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Here is the latest Caml Weekly News, for the week of 27 July to 03 August, 2004.

  1. Quick update on RT Ocaml
  2. otags
  3. Wiki software written in OCaml
  4. release: cf-0.3 (pagoda core foundation)
  5. Update: OCaml-MinGW-maxi 0.2-alpha
  6. ExtLib 1.2 Release
  7. graphics on Mac OS X
  8. Micmatch 0.666 (first release)

Quick update on RT Ocaml

Alex Baretta announced:
Just a second to let you know that our realtime PLC and NC application
is working great. We are currently in the final integration phase for
our first prototype control system: a 2-axis automatic glass cutting
table. We currently support Parker Hannifin SBC servodrives and motors,
but drivers can be written to support any other peripheral. We are
amazed to have achieved a 10ms latency with a 2MB memory usage and a
couple percent CPU usage on a Celeron.


Cuihtlauac Alvarado announced:
Otags is there:


  1/ Using a kludge to cope with Lexing.postion, will disappear,
  promised ;-)

  2/ Native camlp4 broken

  3/ Feedback wellcome

  4/ Ciao.
Cuihtlauac Alvarado added:

If (like me) you install ocaml by doing something like

   cp ocaml-3.08.0.tar.gz /usr/local/src
   cd /usr/local/src
   tar -zxvf ocaml-3.08.0.tar.gz
   cd ocaml-3.08.0
   make world opt opt.opt install

Then Otags will break at compile time, because an old plexer.cmx (back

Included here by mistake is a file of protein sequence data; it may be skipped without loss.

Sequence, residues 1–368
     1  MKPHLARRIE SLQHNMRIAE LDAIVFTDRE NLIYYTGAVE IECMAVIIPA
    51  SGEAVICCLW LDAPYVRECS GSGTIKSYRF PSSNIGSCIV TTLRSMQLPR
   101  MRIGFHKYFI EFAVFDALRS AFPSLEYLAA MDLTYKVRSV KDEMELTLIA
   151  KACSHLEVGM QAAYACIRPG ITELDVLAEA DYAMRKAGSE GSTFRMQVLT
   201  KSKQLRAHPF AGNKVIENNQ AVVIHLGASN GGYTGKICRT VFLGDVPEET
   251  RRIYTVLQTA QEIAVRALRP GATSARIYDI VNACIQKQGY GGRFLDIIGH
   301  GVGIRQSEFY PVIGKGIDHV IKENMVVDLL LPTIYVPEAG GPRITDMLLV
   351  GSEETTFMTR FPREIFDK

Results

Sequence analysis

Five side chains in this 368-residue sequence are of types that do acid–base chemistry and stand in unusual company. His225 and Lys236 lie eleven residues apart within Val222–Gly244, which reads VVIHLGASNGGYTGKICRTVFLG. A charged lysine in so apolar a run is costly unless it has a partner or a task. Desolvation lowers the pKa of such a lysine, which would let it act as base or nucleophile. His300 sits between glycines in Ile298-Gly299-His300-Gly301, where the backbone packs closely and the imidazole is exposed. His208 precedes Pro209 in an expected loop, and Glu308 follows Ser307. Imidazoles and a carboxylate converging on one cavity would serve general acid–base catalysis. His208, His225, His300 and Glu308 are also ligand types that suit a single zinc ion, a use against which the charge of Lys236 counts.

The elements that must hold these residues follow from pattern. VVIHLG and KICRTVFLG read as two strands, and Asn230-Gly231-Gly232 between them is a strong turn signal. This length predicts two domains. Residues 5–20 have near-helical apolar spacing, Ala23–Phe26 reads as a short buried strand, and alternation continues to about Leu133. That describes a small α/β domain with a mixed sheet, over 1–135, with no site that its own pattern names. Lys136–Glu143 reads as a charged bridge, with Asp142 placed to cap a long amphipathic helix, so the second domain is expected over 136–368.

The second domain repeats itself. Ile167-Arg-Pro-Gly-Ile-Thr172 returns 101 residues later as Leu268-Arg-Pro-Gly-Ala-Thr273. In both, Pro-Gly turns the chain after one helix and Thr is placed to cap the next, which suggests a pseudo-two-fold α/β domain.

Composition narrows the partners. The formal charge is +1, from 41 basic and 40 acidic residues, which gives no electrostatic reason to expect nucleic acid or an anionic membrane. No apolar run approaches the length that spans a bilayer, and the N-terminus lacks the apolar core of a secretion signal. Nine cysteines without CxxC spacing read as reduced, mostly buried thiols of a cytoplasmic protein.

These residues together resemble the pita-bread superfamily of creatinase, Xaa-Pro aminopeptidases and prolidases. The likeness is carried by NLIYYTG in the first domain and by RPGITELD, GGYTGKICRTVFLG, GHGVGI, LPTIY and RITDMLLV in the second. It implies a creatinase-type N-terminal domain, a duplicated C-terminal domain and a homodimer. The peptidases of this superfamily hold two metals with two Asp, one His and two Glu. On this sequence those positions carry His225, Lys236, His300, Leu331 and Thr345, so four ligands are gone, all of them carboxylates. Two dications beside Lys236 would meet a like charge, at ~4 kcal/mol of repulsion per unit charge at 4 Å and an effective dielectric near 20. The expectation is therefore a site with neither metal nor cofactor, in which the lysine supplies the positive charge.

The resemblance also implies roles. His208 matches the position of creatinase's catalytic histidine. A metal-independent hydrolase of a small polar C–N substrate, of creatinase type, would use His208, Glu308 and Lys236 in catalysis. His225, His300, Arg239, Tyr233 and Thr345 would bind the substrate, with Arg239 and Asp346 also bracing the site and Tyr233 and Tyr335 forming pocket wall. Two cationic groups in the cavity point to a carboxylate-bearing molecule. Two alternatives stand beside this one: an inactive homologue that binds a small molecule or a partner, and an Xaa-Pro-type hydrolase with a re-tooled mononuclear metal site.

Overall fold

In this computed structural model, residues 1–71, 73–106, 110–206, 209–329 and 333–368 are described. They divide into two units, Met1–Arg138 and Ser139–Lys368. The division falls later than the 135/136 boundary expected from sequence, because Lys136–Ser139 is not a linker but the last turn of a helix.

from ocaml 3.07) will still lay in
You'll have to

  rm /usr/local/lib/ocaml/camlp4/lexer.cmx

Then otags will compile fine
Cuihtlauac Alvarado then announced:
Installation was bugged in otags, this is fixed in

Wiki software written in OCaml

Richard Jones announced:
I wrote a Wiki in OCaml.  It took me two days, and was done solely
because I needed a Wiki for an OCaml project, and it would be nice to
have a Wiki actually written in OCaml.  In other words, complete wheel
reinvention :-)
You can download source (GPL) here:

You can play with the Wiki here:

Enjoy ...

release: cf-0.3 (pagoda core foundation)

James Woodyatt announced:
I've been slow to follow through on my threats to release an update to
the Pagoda Core Foundation, and I apologize for that.  My day job
interrupted? in the immortal words of Sascha in the classic film
_Casablanca_, "Yvonne, I love you, but he pays me."
Once again, I tuned the existing API somewhat.  Mostly in places where
I hope few people are likely to tread.  I fixed a few bugs, and I made
some performance tweaks to some obscure corners of the library, e.g.
[Cf_gadget].  I also added some new modules (see below).

I upgraded to Ocaml 3.08 recently, and the library works fine with that
version.  It should still compile with 3.07+2, but I can't promise that
the next release won't use the cool new classless object feature in
3.08 (omg! that is totally wizard! thanks, inria!)

As before, the new distribution is available at either of the following

And the online documentation (generated by ocamldoc) can be found here:  (new location!)

There is still no programmer's guide.  If I learn that people are using